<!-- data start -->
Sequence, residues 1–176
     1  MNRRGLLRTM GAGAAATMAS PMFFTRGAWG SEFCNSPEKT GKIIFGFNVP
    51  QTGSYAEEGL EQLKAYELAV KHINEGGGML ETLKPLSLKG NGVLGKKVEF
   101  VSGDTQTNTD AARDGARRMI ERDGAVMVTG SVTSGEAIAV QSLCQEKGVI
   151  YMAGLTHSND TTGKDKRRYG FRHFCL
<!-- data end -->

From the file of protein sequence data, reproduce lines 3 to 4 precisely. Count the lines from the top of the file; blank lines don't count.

    51  QTGSYAEEGL EQLKAYELAV KHINEGGGML ETLKPLSLKG NGVLGKKVEF
   101  VSGDTQTNTD AARDGARRMI ERDGAVMVTG SVTSGEAIAV QSLCQEKGVI